Letter to the Monitor with Simone Stewart

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“Can you tell me more about the African American Vernacular?”

“Obama got elected because all the black people voted for him.”

“I’m not trying to say Native Americans are lazy but…”

“You should be glad I’m not in the KKK.”

“Can I touch your hair?”

“You’re very articulate.

While these quotes all vary in extremity and attitude, one thing they have in common is they’ve all been said at some point to or around a student on our campus. Some of them have been said multiple times, some only once. And these are only a few example phrases selected from the plethora that are uttered on a daily basis. Now you may think, “No this can’t be! Jewell is a progressive school with forward thinking students.” I would agree with you. Jewell is a wonderful institution with great classes that attempt to and succeed in challenging its students. But there is still a nagging issue that seems to linger on our campus and it is a reflection of the society that surrounds us: the issue of race.

And let’s note for a moment that in this article, I’m speaking on behalf of one person and one person only: Simone Stewart. I don’t write this to be a spokesperson of Latinos, or Asians, or Middle Easterners or even black people. Too long have I, being one of the few, if not the only black person in my classes, felt like the voice of a minority group. The sad thing is, I shouldn’t have to be. But I add this disclaimer because someone is bound to say, “Well that’s not my opinion.” Contrary to popular belief, black people and minorities do not all have the same opinions. It’s just that when you often feel collectively like second class members of the society you belong to, you tend to hold like-minded beliefs and group together for comfort and understanding’s sake.

Often, as I stated, I am the only or one of a few black students in my class. This is just the fact of a Predominantly White Institution (PWI), an institution like William Jewell College. Though this is true, the students here hold all types of perspectives that vary when it comes to race, but one I commonly find is talking about race is uncomfortable, especially if you’re white. Generally from my experience, it’s because whites often tend to feel victimized and blamed in conversations about race. This discomfort is a sentiment I feel as though I understand.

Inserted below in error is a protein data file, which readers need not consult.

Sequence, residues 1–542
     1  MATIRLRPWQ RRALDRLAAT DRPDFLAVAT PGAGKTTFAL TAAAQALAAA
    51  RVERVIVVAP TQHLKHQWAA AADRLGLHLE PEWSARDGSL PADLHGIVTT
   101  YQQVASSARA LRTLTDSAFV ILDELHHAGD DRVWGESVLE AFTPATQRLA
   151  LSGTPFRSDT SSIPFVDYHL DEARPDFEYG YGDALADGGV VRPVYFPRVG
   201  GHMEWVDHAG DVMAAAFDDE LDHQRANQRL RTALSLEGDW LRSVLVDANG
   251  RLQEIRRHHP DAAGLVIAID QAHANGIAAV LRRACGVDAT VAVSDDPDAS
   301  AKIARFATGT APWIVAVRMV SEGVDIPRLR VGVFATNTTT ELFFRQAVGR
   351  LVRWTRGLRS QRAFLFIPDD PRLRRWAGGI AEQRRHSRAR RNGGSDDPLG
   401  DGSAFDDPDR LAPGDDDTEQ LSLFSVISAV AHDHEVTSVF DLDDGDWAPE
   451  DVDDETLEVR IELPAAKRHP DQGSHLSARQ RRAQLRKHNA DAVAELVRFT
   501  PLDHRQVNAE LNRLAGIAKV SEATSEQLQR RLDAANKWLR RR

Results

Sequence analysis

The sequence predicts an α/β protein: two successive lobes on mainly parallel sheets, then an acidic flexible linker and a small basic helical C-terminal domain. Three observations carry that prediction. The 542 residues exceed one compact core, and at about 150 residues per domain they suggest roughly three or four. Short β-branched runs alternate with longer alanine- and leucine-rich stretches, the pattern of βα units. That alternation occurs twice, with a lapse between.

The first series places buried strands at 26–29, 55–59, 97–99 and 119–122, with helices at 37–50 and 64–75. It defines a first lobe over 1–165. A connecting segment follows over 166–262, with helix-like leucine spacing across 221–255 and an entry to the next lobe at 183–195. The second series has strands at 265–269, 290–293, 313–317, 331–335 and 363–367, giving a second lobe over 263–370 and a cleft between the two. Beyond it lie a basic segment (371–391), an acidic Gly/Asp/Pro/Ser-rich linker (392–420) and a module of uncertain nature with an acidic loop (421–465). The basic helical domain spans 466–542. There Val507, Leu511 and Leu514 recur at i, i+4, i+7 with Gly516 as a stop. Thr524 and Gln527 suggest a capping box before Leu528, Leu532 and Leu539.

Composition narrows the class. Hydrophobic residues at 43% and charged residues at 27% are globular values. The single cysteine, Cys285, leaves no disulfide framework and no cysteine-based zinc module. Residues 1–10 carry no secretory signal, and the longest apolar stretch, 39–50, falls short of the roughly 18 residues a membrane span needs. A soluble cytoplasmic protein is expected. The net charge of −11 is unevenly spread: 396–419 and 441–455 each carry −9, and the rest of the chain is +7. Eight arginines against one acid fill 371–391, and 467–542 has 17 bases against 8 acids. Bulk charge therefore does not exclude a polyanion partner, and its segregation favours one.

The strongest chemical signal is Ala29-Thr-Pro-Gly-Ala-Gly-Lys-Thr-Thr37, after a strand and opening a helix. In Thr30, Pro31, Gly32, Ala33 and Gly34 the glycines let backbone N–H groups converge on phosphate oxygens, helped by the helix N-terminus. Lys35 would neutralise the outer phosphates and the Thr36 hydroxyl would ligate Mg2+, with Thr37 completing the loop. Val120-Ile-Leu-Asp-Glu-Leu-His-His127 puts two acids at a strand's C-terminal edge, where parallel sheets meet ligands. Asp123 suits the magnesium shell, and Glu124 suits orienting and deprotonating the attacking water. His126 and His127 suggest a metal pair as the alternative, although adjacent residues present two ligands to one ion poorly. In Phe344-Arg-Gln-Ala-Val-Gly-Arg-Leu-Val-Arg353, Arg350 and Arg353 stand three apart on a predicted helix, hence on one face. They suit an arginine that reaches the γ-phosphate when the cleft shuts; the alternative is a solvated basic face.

I tend to feel uncomfortable when I’m one of the few black students in a classroom and through our discussions of minorities, I learn of the negative indoctrinated views my classmates hold of people who look like me. I tend to feel uncomfortable when I hear about a student saying colonialism has little bearing in our society today when its effects are still felt all over the world. I tend to feel uncomfortable when I’m talking to the parent of a prospective student and they feel the need to tell me how there are parts of their town where blacks still can’t go and that when they were a child their housekeeper was black, despite its irrelevance to our conversation. I tend to feel uncomfortable when people ask: “Can I touch your hair?” or “Why do you get a black history month and there’s no white history month?” (Ans: No you cannot and because every month is white history month until whites don’t get to write the history books and no longer hold the majority of the privilege in this society.) What is most disconcerting to me about these moments, is that unlike my white classmates who feel tense when their black friend happens to bring up the topic of race, I cannot choose to simply get up, walk away and not have the discussion. The discussion becomes personal when the subjects look like you or when the sentiment is directed towards people who share your background. And it’s something black students face on this campus every day. Often we are labeled as the “angry black students” or those who only want to talk about race simply because we are forced to speak up on our own behalf and in defense of those like us. Talking about race is something we, as the minority, don’t get to walk away from. It is something that follows us into the classroom, the workplace and our personal lives. We don’t have the privilege to ignore something simply because it makes us uncomfortable.